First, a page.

does hdd always spin

Hewlett-packard Hp/compaq 104660-001 har...
August 11, 2010 at 01:34:59
Specs: Windows XP
should the hdd keep spinning even if no programes being excuted?

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#1
August 11, 2010 at 01:51:26
Yes it does, from the moment the computer boots to the moment it switches of.

Hard disk spins at 7500 rpm and sometimes more. If they were to be stopped when not in use it would slow thing down considerably. Every time you tried to access the hard disk there would be a distinct delay as the disk got up to speed and stabilised not to mention wear and tear.

A disk that is spinning at a constant rate for long periods will last a lot longer than one that is continually being run down and run up to speed again.

Stuart


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#2
August 11, 2010 at 04:43:22
The exception to the above is if you have placed the computer in one of the power saving modes that allows the hard drive to stop.

The typical hard drive is rated to have an average failure time of at least 100,000hrs. That is over 11 years. Some drive series have an average failure time of over a million hours.

Unfortunately this means that some may fail right away while others will seem to run forever.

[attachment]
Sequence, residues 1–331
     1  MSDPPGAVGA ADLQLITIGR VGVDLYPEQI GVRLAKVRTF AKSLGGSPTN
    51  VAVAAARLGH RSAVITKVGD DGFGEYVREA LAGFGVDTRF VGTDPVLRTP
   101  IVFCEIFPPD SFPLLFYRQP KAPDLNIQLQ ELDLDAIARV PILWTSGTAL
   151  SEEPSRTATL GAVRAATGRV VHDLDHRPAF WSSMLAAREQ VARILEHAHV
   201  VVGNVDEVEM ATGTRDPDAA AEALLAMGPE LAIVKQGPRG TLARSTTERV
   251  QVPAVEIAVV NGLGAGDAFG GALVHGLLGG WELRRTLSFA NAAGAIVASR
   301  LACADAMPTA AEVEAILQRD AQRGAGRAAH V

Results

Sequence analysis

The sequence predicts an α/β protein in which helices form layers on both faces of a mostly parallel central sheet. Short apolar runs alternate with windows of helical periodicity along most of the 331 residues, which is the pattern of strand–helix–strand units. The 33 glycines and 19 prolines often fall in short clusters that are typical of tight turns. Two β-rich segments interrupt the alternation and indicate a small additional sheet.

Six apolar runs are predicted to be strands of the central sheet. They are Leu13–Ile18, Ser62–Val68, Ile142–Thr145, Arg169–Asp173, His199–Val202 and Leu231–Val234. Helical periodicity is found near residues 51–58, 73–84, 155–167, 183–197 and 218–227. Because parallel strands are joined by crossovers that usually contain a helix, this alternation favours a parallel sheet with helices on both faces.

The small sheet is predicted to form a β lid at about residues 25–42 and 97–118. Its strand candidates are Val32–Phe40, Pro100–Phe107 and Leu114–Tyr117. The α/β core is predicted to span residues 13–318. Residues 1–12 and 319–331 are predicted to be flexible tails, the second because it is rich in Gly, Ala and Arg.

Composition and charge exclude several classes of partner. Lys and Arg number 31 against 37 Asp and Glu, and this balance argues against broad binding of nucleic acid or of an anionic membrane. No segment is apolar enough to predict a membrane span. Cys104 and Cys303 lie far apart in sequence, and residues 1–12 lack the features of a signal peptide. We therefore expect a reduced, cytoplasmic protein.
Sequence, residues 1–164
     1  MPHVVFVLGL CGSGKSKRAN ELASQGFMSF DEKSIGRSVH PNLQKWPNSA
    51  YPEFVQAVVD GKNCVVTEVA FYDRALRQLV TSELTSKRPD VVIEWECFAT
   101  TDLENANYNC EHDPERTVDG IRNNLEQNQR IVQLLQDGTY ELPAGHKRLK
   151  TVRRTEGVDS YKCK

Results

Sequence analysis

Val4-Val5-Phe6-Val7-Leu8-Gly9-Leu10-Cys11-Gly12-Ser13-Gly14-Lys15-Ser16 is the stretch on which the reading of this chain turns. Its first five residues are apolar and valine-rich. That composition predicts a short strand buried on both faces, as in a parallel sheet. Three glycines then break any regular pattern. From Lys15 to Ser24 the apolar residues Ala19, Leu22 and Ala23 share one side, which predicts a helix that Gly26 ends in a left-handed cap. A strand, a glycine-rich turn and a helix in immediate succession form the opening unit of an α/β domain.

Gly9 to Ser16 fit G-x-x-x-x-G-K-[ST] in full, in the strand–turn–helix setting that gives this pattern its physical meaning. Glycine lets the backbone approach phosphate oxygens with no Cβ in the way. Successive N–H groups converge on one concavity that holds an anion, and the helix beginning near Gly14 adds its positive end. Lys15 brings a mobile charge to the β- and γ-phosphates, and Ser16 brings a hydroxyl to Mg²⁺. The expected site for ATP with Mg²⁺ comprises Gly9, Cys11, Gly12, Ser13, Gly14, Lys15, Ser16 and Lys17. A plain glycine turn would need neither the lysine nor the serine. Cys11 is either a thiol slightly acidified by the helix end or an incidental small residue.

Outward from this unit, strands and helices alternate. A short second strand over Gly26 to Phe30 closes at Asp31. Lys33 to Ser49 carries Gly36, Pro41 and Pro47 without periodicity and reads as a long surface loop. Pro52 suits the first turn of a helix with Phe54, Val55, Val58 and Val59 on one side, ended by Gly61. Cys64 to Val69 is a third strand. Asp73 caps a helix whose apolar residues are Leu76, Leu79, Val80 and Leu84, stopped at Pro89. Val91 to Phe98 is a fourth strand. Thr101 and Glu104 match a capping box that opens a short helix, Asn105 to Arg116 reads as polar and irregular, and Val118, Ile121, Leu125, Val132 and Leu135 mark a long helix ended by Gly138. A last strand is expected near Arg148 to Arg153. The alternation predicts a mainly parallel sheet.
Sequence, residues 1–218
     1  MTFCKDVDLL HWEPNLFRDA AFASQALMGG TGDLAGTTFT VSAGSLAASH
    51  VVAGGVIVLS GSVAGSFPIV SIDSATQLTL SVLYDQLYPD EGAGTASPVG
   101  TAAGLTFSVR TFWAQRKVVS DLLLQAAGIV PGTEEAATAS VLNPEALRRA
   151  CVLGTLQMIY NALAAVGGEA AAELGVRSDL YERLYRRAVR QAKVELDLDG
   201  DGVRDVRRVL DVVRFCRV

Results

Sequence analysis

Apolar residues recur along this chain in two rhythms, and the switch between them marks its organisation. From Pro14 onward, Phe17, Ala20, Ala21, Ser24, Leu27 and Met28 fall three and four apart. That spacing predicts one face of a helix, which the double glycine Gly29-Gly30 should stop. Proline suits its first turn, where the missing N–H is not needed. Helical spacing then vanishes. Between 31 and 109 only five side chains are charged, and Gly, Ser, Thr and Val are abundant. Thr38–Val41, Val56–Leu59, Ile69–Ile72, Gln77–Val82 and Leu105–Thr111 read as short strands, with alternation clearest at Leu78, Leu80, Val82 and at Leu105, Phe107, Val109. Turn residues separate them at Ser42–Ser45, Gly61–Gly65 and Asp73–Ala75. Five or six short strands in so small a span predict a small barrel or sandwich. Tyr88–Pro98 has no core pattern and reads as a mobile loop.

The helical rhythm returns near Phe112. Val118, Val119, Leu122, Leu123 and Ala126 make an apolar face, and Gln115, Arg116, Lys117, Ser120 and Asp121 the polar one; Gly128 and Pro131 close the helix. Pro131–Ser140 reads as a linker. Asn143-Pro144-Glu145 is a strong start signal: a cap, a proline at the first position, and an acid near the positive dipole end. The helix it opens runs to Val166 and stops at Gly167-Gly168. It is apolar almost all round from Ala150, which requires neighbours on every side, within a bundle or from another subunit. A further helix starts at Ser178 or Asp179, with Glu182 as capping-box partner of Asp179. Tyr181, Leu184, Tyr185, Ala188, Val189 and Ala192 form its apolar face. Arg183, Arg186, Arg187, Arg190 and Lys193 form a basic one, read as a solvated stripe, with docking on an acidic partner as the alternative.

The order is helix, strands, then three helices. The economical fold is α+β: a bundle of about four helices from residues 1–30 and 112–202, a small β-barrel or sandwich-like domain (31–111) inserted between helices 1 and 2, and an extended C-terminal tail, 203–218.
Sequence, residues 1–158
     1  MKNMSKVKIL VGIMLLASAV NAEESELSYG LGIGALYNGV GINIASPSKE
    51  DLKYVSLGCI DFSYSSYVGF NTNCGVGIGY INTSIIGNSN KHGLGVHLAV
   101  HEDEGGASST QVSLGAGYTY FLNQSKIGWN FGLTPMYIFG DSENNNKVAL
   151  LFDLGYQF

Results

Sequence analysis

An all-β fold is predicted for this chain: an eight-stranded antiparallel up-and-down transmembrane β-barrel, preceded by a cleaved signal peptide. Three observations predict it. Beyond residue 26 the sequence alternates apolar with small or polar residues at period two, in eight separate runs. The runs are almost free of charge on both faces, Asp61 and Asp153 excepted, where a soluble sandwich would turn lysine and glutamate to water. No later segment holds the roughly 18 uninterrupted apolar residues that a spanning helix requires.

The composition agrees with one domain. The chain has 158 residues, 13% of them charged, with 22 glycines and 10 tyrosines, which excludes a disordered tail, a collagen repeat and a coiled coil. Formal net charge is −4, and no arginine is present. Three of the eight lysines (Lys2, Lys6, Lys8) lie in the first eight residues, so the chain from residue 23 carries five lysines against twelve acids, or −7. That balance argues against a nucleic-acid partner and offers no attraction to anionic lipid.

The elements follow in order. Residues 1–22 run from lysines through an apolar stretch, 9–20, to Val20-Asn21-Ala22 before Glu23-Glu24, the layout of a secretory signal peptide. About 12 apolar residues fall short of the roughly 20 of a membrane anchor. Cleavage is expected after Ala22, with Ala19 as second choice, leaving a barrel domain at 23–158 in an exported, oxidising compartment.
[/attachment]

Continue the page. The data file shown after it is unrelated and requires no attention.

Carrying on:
Failure can mean different things. Data corruption that is correctable wouldn't be considered a failure.

Back up your data.


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#3
August 11, 2010 at 07:10:48
"The exception to the above is if you have placed the computer in one of the power saving modes that allows the hard drive to stop."

You can set settings in Control Panel - Power such that the hard drive shuts off - stops spinning - after xx minutes of inactivity. If you do nothing that requires accessing the hard drive for a while and exceed that time, the hard drive stops spinning and you're then running Windows entirely from the ram. When you then do something that requires accessing the hard drive, there is a short delay while the hard drive spins up again.


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Related Solutions

#4
August 11, 2010 at 07:28:38
IMO, solid state drives are a waste of money. A 64GB SSD costs about $100+/-, a 1TB "conventional" HDD costs about $60.

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#5
August 11, 2010 at 07:45:58
I agree with jam on SSDs. The only advantage is faster times, which is not that important to me. These devices will prove to fail, just as flash drives do. The type of memory in SSDs has a finite number of cycles before failure.


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